All the cool kids carry growlers.

Ask John Neely Bryan: How Much to Tip For a Growler of Beer

The founder of Dallas answers in his own inimitable way.

John Neely Bryan, Our Founder
John Neely Bryan, Our Founder
Photography by Matthew Shelley
Question: No doubt you are enjoying the beer renaissance in Dallas. In your day, did they have growlers? That’s what confuses me a bit. How should one tip when one gets a growler filled? The bar wench does the same thing she’d do if you’d ordered a pint. The effort, for her, doesn’t increase much. So do you tip her a buck, same as you would if you’d ordered a glass? Or do you tip her based on the value of your purchase, which, depending on your druthers, could mean upwards of $20 (meaning a $4 tip)?  — Thirsty in East Dallas

In the earliest days of the city I’d have been pleased to enjoy but a thimbleful of lager, let alone the pail’s worth that those obscenely large bottles allow you to cart home today. So, no, we hadn’t growlers. We hadn’t even a brewery to speak of until one of Victor Considerant’s proto-hippies moved east of the river and got one going. I was away, prospecting for gold in Colorado and California, and the enterprise had failed by the time I returned — though others had sprung up in its place.

Your peculiar query touches upon a subject I’ve addressed once before in this space: the sexist, racist, and utterly un-American practice of tipping. Assuming you have not the stomach to lead the revolution our nation so desperately needs to end this heinous practice, I’ve rolled your quandary over within the folds of my cerebral matter and have arrived at a solution that I believe you will ultimately find satisfactory to both your own needs and those of your favored bar wench.

Make your own damn beer.

You inheritors of the great American mantle don’t create anything of your own anymore. Time was a fellow was an embarrassment to his family if he couldn’t kill and butcher a hog, navigate by the stars, serenade his sweetheart, build a home out of nothing but a mallet and a pile of driftwood, and ferment his own alcoholic beverages. Mind you, he didn’t have to be good at any of these damn things, but that wasn’t the point.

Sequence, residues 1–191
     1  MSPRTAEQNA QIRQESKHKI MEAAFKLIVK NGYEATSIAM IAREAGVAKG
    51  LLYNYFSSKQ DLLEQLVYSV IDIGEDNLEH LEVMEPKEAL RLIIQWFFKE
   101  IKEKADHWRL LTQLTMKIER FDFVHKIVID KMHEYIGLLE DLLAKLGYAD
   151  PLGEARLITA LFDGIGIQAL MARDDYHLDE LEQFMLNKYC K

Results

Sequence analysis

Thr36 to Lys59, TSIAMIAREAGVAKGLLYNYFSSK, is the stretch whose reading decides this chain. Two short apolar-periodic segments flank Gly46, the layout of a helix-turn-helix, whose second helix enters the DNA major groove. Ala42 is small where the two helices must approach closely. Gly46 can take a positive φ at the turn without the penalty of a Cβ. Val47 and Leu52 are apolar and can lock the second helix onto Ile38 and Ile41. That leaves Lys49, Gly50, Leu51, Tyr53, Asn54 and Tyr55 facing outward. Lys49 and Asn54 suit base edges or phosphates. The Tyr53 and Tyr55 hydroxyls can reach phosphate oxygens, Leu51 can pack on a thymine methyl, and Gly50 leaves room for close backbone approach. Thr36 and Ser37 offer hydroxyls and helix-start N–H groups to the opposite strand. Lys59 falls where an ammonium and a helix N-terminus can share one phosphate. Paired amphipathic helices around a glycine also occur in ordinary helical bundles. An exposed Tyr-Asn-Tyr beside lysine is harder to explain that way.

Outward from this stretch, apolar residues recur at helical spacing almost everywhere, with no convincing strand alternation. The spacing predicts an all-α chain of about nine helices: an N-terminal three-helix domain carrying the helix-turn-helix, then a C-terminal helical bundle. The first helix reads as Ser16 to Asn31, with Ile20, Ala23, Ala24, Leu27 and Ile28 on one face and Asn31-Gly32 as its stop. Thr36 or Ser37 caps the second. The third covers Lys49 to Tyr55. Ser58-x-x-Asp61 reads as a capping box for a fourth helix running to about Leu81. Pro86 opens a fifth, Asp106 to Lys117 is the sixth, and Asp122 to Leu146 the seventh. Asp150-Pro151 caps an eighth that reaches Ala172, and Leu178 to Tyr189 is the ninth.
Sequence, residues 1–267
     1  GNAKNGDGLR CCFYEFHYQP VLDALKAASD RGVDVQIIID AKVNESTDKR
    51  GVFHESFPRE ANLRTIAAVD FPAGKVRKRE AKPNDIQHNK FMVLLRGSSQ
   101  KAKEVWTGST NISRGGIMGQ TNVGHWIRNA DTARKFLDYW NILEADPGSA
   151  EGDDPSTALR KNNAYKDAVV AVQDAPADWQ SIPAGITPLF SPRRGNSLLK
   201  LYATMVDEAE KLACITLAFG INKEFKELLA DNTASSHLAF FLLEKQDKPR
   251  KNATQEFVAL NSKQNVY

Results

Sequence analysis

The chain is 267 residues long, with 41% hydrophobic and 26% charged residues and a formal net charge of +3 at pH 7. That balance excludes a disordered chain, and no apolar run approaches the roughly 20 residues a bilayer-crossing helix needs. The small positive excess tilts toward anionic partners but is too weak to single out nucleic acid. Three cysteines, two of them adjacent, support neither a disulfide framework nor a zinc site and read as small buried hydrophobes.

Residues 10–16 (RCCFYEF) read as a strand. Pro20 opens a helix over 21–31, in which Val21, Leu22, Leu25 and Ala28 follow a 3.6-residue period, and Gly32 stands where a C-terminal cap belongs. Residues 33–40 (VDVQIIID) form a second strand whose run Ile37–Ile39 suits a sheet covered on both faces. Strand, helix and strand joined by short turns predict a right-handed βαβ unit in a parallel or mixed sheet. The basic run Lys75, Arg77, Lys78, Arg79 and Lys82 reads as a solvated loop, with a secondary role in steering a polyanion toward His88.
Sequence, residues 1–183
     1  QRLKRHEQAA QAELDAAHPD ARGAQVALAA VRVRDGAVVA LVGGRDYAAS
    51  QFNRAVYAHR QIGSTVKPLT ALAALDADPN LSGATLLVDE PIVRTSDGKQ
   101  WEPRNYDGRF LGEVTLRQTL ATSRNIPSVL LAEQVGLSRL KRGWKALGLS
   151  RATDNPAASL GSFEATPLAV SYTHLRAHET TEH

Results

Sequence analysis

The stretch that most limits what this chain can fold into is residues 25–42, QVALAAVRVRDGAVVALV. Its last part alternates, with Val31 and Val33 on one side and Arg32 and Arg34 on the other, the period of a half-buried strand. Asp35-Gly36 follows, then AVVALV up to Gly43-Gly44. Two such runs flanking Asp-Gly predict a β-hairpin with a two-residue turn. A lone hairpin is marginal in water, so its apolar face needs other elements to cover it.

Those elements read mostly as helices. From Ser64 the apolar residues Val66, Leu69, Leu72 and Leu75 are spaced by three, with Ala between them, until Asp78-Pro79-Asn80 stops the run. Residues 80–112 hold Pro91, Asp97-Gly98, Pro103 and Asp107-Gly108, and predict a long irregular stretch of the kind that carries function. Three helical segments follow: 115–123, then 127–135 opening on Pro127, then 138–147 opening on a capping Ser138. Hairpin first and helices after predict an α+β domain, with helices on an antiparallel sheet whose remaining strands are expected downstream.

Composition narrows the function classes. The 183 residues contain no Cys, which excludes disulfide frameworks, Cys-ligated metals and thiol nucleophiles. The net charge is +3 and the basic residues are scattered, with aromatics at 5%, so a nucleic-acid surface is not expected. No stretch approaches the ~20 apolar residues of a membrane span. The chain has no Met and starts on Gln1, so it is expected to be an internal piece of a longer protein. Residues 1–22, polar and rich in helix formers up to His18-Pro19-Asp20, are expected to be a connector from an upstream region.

Point was he wasn’t dependent on an army of tradesmen to provide for his every need. Do you think I wanted to drink that barrel of buckeye wine I cooked up when I first set up camp along the Trinity? Lord no. Tasted like someone had wrung the sweat out of a Comanche’s moccasins. Well, believe you me, I downed every last drop.

Because I’m a man, and that’s what men do. Men don’t write missives to post-corporeal urban pioneers, begging to have settled the simplest of questions. Of course you have to tip more, you cheapskate. Throw her at least an extra buck or two, if $4 is so horrifically objectionable in your accounting. A growler is something like four pints’ worth. Meaning it’s four times the weight and takes something like four times as long to fill up. So she’s got to spend extra precious seconds of her limited time on this earth serving you instead of the next useless lump of manhood too lazy to cook up his own brew.

I can already hear you whining, “I can’t possibly achieve the flavor profiles that a great local craft brewery can.” Notes of coffee or chocolate or beef jerky or some such are certainly difficult to achieve satisfactorily in a home-based operation. But it’s time to take one long, hard look at yourself in the mirror and ask: Is pumpkin spice seasonal ale truly worth existence as a metaphorical eunuch?

Harshing my vibe,

John-Neely-Bryan-signature
John Neely Bryan is the founder of the city of Dallas and an expert on all matters. Email him for advice, to have a dispute adjudicated, or to seek his wisdom on any of a myriad of topics, at [email protected].

Newsletter

Get a weekly recap in your inbox every Sunday of our best stories from the week plus a primer for the days ahead.

Find It

Search our directories for...

Restaurants

Restaurants

Bars

Bars

Events

Events

Attractions

Attractions

View All

View All

Comments